U.S. Bancorp (USB) is forecasting a slowdown in lending as it approaches a cliff — the fiscal cliff.

The Minneapolis company is expecting loans to expand at an annual rate of 4% to 6% in the fourth quarter, compared with the 6% to 7% it has been producing, Chief Executive Richard Davis said during a conference call Wednesday.

Customers are "feeling less comfortable," and that's understandable given question marks in Washington and elsewhere, Davis said when asked whether borrower caution had dampened lending expectations.

"You've got the near-term election uncertainty, you've got the fiscal cliff uncertainty, you've got the European recession, you've got the economy. … So I am going to be pleased with 4% to 6% annualized. We'll take anything we can get above that."

Economist and politicians use the term "fiscal cliff" to describe yearend deadlines tied to the federal budget. Lawmakers have to decide whether to renew the Bush-era tax cuts and payroll tax cut and settle other spending matters, or steep cuts will kick in automatically. The Congressional Budget Office predicts that if lawmakers fail to act, the economy will likely fall back into a recession.

Despite their tempered forecast, U.S. Bancorp executives spoke optimistically that the cliff would be sidestepped.

"I am hopeful that they come to some kind of resolution," said Bill Parker, the chief credit officer. "The fiscal cliff was designed in such a way that it is so severe I think it is unlikely that there won't be some political solution that cuts the middle ground and mitigates that risk."

R. Scott Siefers, an analyst at Sandler O'Neill, said Davis' guidance was "a little disappointing, but not surprising."

U.S. Bancorp's average loans, which totaled $216 billion for the quarter, rose 1.3% from the second quarter. That pace was slower than the 1.9% between the first and second quarter, and the 1.5% between the fourth quarter of 2011 and the first quarter of this year.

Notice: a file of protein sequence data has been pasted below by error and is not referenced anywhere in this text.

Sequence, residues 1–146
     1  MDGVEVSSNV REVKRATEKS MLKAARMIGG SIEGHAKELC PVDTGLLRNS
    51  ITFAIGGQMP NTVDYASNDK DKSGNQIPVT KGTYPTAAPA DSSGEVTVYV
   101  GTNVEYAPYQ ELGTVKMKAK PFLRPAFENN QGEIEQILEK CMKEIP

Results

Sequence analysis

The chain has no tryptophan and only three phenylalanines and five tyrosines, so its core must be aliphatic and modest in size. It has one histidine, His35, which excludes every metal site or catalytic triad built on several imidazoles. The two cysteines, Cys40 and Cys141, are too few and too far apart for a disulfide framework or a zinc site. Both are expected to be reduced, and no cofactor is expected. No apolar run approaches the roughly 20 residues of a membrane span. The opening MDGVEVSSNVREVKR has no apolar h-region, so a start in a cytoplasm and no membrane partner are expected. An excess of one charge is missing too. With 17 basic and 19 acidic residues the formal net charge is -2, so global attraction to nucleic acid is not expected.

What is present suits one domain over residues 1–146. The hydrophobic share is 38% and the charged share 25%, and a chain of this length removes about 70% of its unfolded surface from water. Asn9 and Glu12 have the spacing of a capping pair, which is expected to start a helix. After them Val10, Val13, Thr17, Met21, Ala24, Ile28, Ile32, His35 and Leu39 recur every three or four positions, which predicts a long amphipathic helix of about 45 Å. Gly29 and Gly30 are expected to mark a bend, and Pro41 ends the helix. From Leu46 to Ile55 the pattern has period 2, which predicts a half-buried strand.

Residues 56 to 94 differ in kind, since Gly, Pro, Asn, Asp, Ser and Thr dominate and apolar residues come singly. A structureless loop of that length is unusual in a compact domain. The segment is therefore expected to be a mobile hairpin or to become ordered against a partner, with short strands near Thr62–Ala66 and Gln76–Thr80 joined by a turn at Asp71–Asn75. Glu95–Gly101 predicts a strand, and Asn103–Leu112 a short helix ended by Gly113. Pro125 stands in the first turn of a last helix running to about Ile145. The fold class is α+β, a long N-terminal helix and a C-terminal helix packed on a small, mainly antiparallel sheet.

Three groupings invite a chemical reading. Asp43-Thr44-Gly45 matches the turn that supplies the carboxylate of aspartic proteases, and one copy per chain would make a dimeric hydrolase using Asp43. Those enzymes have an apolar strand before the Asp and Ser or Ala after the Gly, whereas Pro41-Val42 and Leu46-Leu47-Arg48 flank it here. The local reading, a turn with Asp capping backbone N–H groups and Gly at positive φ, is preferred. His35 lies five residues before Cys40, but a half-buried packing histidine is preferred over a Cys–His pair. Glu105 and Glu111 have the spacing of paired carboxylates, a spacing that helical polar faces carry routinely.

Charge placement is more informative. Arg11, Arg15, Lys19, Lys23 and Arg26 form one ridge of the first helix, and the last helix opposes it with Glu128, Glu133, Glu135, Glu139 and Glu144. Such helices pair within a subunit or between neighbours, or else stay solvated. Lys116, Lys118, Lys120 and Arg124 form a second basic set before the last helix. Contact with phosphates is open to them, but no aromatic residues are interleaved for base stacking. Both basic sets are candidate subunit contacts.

"There was a stronger commercial and industrial recovery in the first part of the year, and that has since deflated a bit," Siefers said. Although Davis is known to be conservative, reality will likely track with Davis' guidance, Siefers said.

"I think that is going to be the way it pans out. There is already evidence of the slowdown," Siefers said. "He was being pretty candid."

When asked if U.S. Bancorp has different scenarios for 2013 based on whether Barack Obama or Mitt Romney wins the presidential election, Chief Financial Officer Andrew Cecere said no.

"We don't try to model based on the election," he said in an interview after the conference call. "But we do try to model for a moderate-growth environment and a low-growth environment."

U.S. Bancorp reported net income for the third quarter of $1.47 billion, up 16% from a year earlier. At 74 cents per share, the earnings beat analysts' consensus by a penny, according to Bloomberg.

The earnings improvement included a 9% increase in net interest income after its provision for loan losses of $2.2 billion. Noninterest income also rose 10%, to $2.3 billion; those figures included a 112% increase in mortgage banking revenues, to $519 million.

Net interest margins have commanded attention this quarter, as companies battle the protracted low interest rate environment and patchy loan demand. Though Wells Fargo (WFC) and PNC Financial Services (PNC) experienced large drops from the prior quarter, U.S. Bancorp's net interest margin ticked up one basis point from the second quarter to 3.59%.

Cecere attributed the slight increase to higher-cost debt maturing in the quarter. He warned that U.S. Bancorp, which has $352 billion of assets, would be susceptible to the pressure this quarter.

"Given the current interest rate environment we expect the net interest margin to be down a few basis points in the fourth quarter, principally due to the repricing risk on the investment securities portfolio," he said during the call.

U.S. Bancorp's margin held up because the company had roughly $6 billion in higher cost debt run off the balance sheet in the third quarter, Cecere said in the interview. The maturing debt is expected to be smaller this quarter. Securities that were yielding 2.30% to 2.40% that are maturing this quarter would be replaced with similar holdings priced 75 basis points lower, he said.

One of the best ways to protect the net interest margin is to pursue the customers of competitors, Davis said during the call.

"The way we are going to make money in this difficult long-term environment with rates low and yield curves flat is we're going to have to do it by market share," Davis said. "That is the only way you can do it."

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